Skip site navigation (1)Skip section navigation (2)
Date:      Wed, 07 Mar 2012 08:44:24 +0000
From:      Matthew Seaman <m.seaman@infracaninophile.co.uk>
To:        freebsd-questions@freebsd.org
Subject:   Why you have to install a port to create a package (was Re: port to package amd64 to i386)
Message-ID:  <4F571FE8.3040708@infracaninophile.co.uk>
In-Reply-To: <4F56BC66.5000908@herveybayaustralia.com.au>
References:  <4F547C59.1040604@bananmonarki.se> <4F548571.1050203@gmail.com> <4F54ED12.1090409@bananmonarki.se> <20120305175551.ae24b6f0.freebsd@edvax.de> <4F564B17.1010700@bananmonarki.se> <CA+tpaK2tjz8NDD0e=vLkfN27pcTW_-k=bSAjzBiQ5CpusGGyfQ@mail.gmail.com> <4F56BC66.5000908@herveybayaustralia.com.au>

Next in thread | Previous in thread | Raw E-Mail | Index | Archive | Help
This is an OpenPGP/MIME signed message (RFC 2440 and 3156)
--------------enig604BECA04AC63871861E39CC
Content-Type: text/plain; charset=ISO-8859-1
Content-Transfer-Encoding: quoted-printable

On 07/03/2012 01:39, Da Rock wrote:
> On 03/07/12 04:13, Adam Vande More wrote:
>> On Tue, Mar 6, 2012 at 11:36 AM, Bernt Hansson<bah@bananmonarki.se>=20
>> wrote:

>>> Again, a "problem" is that packages can only be generated

>>>> if the port has been installed

>>> Why is that. I hope you can educate me on that.

>> Because a package is the result of what is installed.  It
>> essentially works somewhat like Debian's checkinstall by keeping
>> track of what's installed by the installation script, then using
>> the info of what's installed to build the package.  I'm not exactly
>> sure how "make package" works internally, but it wouldn't surprise
>> me if it's almost the same as "pkg_create -b".

> From what I understand of ports (as a maintainer) that is the case; plu=
s
> some other bits and pieces for checking, verification, and cleanup.

DaRock has the essentials of how it works correct.  When a port is
installed, the first step is to install the software, typically using
the standard install target from upstream, although it's not unusual for
the port to just copy files into place itself[*].

That miscellaneous collection of files is then turned into a package by
collecting the data on file names and checksums in the packing list, the
package comment, any install messages or install/deinstall scripts into
the package directory /var/db/pkg/pkgname-0.99 If you're interested,
this stage is dealt with by the 'fake-pkg' target in bsd.ports.mk

[[pkgng works almost identically, except the data is stored in a sqlite
DB rather than separate directories in the filesystem.]]

Note that technically, a package is that combination of the collection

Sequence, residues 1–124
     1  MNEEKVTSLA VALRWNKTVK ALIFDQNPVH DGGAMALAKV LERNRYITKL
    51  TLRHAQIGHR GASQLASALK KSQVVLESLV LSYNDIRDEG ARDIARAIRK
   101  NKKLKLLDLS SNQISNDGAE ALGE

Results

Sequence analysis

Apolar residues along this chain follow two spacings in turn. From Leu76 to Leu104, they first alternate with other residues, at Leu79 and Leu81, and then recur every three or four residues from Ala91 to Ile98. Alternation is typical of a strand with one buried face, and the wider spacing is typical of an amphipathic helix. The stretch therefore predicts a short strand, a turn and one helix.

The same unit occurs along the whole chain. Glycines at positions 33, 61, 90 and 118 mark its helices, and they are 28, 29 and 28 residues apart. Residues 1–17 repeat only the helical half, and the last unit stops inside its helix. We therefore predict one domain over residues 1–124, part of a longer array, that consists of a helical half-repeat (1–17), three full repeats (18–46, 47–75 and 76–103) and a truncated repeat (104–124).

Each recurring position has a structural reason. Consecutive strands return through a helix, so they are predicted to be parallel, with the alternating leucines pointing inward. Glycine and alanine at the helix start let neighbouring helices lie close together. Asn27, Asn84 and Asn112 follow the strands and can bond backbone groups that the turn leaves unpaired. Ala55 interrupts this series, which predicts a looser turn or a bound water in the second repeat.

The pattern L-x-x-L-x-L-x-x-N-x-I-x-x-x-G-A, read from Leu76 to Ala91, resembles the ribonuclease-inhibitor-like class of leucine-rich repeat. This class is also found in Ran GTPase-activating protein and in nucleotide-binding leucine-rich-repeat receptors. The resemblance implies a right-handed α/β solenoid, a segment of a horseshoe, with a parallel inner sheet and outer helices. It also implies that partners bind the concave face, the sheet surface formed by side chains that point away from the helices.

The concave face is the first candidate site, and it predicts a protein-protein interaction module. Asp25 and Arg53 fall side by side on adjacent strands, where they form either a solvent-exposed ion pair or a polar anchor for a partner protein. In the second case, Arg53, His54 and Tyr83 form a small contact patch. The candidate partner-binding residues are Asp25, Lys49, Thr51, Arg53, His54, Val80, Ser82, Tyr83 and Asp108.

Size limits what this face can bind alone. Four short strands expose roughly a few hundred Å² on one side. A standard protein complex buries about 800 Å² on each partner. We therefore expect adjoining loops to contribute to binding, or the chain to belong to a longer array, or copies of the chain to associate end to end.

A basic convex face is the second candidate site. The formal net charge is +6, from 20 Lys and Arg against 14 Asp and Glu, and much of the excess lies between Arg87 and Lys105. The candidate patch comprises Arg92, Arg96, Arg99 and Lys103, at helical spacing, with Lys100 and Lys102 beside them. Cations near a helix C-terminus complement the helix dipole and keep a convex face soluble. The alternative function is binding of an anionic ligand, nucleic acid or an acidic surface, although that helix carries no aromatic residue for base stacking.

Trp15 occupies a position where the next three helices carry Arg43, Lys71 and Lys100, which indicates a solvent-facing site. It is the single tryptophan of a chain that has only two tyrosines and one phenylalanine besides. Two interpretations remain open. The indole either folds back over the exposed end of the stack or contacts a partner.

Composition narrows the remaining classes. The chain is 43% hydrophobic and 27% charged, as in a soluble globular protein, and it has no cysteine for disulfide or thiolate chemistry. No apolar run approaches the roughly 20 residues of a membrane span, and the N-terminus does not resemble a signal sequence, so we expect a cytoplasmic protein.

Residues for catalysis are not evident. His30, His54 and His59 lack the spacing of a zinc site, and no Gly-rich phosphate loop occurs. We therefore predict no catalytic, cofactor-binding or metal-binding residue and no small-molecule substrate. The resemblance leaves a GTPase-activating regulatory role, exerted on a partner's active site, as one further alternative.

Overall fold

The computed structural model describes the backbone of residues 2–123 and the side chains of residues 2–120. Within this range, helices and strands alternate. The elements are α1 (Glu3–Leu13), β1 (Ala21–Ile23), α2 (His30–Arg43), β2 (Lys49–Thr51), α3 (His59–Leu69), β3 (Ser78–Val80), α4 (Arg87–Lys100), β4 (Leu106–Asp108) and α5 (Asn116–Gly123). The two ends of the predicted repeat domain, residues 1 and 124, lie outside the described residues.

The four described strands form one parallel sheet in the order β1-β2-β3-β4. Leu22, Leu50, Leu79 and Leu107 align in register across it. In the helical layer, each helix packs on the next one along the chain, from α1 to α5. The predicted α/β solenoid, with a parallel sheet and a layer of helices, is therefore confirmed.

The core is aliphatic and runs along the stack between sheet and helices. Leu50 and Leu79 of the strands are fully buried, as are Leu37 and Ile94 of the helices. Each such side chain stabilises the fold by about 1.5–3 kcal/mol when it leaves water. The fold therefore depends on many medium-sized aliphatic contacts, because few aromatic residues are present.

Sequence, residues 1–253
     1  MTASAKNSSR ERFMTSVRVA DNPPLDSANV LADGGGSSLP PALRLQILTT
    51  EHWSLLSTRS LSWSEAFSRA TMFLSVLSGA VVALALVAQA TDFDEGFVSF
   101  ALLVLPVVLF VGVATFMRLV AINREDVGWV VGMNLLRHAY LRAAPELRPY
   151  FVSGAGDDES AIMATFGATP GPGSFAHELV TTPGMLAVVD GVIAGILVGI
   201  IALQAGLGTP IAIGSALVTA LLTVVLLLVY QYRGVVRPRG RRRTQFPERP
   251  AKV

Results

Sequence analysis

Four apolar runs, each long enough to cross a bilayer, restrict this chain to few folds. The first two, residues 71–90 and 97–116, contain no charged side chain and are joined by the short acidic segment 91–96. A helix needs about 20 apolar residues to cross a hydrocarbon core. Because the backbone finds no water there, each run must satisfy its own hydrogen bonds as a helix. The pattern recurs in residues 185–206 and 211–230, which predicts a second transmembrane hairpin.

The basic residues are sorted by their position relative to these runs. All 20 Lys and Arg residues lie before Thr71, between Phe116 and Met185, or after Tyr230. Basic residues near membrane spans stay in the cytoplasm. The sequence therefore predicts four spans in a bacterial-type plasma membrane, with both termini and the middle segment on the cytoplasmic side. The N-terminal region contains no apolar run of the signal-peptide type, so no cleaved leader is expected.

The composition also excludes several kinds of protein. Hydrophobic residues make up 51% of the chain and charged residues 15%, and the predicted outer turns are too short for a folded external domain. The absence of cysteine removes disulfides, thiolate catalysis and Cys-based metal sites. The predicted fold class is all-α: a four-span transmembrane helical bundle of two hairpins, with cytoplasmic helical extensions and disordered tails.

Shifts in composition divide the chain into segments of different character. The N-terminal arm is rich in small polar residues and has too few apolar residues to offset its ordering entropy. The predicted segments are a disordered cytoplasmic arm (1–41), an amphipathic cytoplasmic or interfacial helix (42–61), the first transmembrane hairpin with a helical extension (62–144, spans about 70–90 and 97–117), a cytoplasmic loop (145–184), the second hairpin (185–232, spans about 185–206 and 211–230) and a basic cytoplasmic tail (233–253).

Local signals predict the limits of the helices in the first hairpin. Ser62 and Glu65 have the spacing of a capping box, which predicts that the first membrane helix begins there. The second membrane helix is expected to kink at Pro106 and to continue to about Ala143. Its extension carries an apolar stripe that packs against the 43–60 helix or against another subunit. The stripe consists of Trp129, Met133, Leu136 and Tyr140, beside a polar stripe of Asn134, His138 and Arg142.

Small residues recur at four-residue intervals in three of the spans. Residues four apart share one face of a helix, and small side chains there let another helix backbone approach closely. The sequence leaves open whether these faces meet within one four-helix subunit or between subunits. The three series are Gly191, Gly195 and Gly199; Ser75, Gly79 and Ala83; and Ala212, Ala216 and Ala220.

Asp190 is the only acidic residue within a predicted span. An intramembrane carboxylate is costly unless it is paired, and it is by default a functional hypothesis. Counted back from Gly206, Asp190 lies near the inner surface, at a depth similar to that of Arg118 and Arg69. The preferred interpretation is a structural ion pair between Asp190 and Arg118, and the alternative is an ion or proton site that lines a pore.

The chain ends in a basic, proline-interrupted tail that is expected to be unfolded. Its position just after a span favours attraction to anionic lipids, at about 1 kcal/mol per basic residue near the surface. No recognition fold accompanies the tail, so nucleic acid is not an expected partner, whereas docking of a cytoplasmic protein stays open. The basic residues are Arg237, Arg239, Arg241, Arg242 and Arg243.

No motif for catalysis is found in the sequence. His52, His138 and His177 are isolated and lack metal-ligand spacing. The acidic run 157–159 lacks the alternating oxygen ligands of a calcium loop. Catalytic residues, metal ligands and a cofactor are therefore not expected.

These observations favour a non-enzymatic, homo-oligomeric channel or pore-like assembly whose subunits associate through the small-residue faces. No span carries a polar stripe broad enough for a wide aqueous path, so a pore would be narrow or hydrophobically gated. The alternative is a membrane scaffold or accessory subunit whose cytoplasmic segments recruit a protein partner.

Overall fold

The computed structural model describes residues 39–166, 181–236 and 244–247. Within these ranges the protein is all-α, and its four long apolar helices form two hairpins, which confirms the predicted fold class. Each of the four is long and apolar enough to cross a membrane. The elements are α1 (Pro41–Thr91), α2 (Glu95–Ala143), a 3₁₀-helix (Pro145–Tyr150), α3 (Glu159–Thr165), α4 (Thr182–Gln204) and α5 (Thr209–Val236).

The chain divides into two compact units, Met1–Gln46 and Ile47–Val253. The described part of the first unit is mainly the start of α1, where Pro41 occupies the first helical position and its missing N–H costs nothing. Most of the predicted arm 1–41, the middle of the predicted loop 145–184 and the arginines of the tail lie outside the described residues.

of files and the metadata about those files in the package registry.  A
package can be in two different states: installed, with the files spread
around the directory tree or as a tarball -- for the original pkg
format,  /var/db/pkgname-0.99 and all the files owned by the package;
for pkgng, the metadata is held as a YAML file.  pkg_add(1) converts
from the tarball to the installed state, 'pkg_create -b' goes in the
other direction.  The difference between 'make install' and 'make
package' in the ports is simply the addition of a final pkg_create
step.

Now, there is no a priori reason why all of this has to be done using
the live /usr/local directory tree on your system.  OpenBSD ports has
entirely switched to using a chroot for building package tarballs, and
in fact the FreeBSD package build cluster and Tinderbox basically work
that way already.  The procedure is to install all of the required
{FETCH,PATCH,BUILD,RUN,PKG} dependencies into a chroot filesystem (from
previously built package tarballs), install the port into the same
chroot and generate a package tarball from it.

There are advantages and disadvantages either way.  Building in a chroot
requires a lot more copying files around and general faff.  On the other
hand; it makes it easier to build as a non-privileged user, it makes
cross-building for different architectures feasible and it completely
avoids problems to do with software arbitrarily deciding to link against
random shared libraries it finds around the system -- or indeed to
accidentally use header files from a completely different piece of
software.  Converting ports to build in a chroot is one of those ideas
that is constantly bubbling up, but that never quite seems to get
implemented.

	Cheers,

	Matthew

[*] For completeness, the 'port' is the collection of instructions for
downloading the sources, patching, building and installing the software,
managing the dependency hierarchy required to do all that and dealing
with tracking all those files by creating the package metadata.
Although it is common to speak of 'installing a port' in fact what gets
installed is a package, and it is the port that does the installing.

--=20
Dr Matthew J Seaman MA, D.Phil.                   7 Priory Courtyard
                                                  Flat 3
PGP: http://www.infracaninophile.co.uk/pgpkey     Ramsgate
JID: matthew@infracaninophile.co.uk               Kent, CT11 9PW


--------------enig604BECA04AC63871861E39CC
Content-Type: application/pgp-signature; name="signature.asc"
Content-Description: OpenPGP digital signature
Content-Disposition: attachment; filename="signature.asc"

-----BEGIN PGP SIGNATURE-----
Version: GnuPG/MacGPG2 v2.0.16 (Darwin)
Comment: Using GnuPG with Mozilla - http://enigmail.mozdev.org/

iEYEARECAAYFAk9XH/IACgkQ8Mjk52CukIzpQACgiTqCosCtd8mmo8bh34cSXr4s
Yt8AoJNLJMyccyOOoxmZPr1blHgPWAsC
=1XC9
-----END PGP SIGNATURE-----

--------------enig604BECA04AC63871861E39CC--



Want to link to this message? Use this URL: <http://docs.FreeBSD.org/cgi/mid.cgi?4F571FE8.3040708>